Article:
Today I will offer two current day figures who have the potential to have massive impacts on humanity going forward, one negative and one positive. I had these thoughts while out on a long run recently. Specifically, I was listening to Lex Fridman's interview with Mark Zuckerberg.
Lex deliberately seeks out diverse perspectives. He does a great job letting the individuals speak without trying to interject his own judgments or beliefs. This makes for a good interview, at least if you want to learn something about what the individual thinks.
I definitely learned some new things about the Metaverse companies (Facebook, Instagram, Messenger, etc.) according to Mark Zuckerberg. The most notable for our purposes today are:
- Using Facebook does not increase polarization. In fact, it decreases polarization.
- Using Instagram does not cause harmful effects in teenage girls. In fact, it makes them feel better.
- Mark believes the meaning of life is about human connection and about creating things. He has dedicated his life to building things that help people connect.
Mark came across as thoughtful and sincere. He also has powerful objective feedback that he's doing something the world finds valuable, because his work has made him one of the world's wealthiest individuals. Taken together, Mark's history, undoubtedly good intentions, and unprecedented power have inadvertently created the conditions for an unmitigated disaster for humanity. Here's how that all adds up.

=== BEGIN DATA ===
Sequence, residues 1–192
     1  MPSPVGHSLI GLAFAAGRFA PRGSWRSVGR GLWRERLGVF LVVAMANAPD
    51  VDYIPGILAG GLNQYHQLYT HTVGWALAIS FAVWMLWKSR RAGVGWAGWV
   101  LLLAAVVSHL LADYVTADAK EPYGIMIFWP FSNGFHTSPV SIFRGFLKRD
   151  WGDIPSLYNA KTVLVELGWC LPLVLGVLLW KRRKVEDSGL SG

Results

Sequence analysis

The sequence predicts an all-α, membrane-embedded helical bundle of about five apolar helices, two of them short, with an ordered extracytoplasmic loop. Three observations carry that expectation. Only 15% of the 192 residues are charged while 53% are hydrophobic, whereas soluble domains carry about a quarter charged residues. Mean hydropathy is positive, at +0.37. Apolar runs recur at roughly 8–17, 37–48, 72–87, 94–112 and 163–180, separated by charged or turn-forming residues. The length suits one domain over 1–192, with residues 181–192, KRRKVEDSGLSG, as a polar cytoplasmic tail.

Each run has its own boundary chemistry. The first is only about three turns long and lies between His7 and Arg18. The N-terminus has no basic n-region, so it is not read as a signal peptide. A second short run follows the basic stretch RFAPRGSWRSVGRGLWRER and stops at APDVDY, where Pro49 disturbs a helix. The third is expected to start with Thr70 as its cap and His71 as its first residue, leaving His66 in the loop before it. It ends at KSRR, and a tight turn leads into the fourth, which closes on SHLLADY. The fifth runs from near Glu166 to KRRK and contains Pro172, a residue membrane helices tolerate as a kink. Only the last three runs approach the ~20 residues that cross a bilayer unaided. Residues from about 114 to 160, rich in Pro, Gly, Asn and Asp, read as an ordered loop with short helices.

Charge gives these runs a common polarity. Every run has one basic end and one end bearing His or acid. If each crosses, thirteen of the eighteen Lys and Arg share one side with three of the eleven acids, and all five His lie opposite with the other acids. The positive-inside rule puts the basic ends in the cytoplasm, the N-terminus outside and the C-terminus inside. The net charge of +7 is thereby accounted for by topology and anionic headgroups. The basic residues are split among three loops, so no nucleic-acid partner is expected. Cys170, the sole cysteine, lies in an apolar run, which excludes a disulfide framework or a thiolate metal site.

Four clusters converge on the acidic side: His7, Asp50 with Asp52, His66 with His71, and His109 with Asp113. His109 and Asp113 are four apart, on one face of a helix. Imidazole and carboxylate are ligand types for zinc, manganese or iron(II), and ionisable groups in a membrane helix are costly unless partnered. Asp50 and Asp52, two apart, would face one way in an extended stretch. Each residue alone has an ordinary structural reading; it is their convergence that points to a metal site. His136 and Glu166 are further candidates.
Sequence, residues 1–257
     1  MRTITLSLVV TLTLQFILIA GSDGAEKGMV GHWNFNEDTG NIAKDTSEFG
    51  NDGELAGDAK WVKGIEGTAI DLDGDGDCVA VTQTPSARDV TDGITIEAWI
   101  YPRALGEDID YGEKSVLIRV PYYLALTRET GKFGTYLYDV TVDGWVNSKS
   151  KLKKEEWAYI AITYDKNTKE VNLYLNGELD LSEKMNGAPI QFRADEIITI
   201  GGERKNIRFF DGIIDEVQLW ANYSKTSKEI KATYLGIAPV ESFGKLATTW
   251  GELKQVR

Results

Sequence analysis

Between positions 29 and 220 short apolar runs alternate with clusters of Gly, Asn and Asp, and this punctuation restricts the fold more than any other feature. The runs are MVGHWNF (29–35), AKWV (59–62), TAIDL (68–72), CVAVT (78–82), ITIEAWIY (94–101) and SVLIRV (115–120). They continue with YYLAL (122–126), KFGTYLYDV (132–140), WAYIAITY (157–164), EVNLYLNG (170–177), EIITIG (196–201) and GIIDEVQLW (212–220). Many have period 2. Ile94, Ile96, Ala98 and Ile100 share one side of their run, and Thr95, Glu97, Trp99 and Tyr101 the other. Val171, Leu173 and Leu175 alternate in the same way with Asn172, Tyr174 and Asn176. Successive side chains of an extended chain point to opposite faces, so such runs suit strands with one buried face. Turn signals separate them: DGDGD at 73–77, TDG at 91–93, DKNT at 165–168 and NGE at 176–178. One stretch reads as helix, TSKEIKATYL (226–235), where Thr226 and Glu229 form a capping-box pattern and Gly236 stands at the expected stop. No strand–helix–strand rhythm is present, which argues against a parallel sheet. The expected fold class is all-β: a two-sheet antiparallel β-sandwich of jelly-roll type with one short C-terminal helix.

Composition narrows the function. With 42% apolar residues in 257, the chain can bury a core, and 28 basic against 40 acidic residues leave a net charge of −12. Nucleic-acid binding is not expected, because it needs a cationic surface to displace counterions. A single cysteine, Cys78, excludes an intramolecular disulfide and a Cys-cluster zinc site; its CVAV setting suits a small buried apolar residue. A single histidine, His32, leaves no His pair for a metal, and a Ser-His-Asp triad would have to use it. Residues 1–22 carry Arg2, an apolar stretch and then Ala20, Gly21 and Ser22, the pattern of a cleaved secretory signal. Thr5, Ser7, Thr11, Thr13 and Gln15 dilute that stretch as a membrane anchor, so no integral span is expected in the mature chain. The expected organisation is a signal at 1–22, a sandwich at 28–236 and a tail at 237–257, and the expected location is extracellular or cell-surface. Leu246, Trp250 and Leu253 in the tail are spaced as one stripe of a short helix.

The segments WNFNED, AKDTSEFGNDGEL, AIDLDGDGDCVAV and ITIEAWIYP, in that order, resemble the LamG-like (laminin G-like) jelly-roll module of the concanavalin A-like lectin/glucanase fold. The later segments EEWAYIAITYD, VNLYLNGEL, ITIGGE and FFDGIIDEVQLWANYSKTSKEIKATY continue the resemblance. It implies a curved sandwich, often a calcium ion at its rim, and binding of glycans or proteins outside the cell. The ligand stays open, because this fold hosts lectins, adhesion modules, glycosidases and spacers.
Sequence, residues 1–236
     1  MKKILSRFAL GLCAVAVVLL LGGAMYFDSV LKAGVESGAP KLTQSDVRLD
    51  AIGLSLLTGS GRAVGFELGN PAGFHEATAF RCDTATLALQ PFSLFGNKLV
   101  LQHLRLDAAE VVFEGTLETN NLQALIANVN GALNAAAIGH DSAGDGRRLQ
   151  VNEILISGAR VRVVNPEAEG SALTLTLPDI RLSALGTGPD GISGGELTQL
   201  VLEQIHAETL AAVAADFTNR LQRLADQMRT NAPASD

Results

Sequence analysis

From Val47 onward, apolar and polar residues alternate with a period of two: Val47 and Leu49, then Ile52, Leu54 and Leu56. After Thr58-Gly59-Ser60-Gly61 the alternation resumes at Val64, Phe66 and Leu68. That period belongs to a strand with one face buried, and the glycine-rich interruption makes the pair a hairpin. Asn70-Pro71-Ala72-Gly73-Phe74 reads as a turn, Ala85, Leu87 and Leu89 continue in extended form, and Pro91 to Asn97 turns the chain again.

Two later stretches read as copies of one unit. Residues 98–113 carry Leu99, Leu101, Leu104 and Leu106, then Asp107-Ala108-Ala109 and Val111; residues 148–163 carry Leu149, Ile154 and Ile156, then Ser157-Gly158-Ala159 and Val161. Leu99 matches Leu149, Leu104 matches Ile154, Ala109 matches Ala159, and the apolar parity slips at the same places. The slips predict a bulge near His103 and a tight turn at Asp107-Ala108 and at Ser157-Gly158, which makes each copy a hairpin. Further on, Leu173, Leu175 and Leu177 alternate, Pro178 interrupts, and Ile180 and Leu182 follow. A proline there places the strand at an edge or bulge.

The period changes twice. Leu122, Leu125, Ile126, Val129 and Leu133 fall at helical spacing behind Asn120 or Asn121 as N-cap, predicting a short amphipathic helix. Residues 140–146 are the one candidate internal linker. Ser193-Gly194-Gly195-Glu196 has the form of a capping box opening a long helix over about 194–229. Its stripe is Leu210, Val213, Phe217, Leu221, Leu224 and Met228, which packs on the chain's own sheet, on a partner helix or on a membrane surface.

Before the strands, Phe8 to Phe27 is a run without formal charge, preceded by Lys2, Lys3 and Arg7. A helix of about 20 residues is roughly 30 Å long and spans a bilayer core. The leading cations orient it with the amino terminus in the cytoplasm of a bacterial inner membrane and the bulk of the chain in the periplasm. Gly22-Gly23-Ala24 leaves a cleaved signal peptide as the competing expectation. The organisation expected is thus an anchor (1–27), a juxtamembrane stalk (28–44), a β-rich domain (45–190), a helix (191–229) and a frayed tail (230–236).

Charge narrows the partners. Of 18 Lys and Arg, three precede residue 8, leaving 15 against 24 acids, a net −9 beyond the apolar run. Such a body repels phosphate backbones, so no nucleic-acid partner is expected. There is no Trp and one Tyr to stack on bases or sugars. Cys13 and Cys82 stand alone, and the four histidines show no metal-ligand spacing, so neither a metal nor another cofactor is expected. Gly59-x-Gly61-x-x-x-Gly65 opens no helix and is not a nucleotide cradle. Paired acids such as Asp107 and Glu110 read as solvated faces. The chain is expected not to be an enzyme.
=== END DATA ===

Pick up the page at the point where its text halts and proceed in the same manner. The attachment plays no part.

Almost three billion people use Facebook, giving it a larger reach than any other human invention. Some 1.4 billion use Instagram. Mark is showing clear signs of cognitive dissonance when he claims, entirely sincerely as far as I can tell, that neither product causes problems such as increased polarization or harm to one's self-image. He does not consider these opinions to be wishful thinking. He referred to studies he has seen that show how Facebook and Instagram use lead to overwhelmingly positive outcomes.
Is Mark actively seeking out information that would contradict his deeply held views? If anything, the public attention and relentless criticism he is subjected to appear to have hardened him to opposing views. He described how he has become adept at ignoring critics' views because he knows his intentions are good.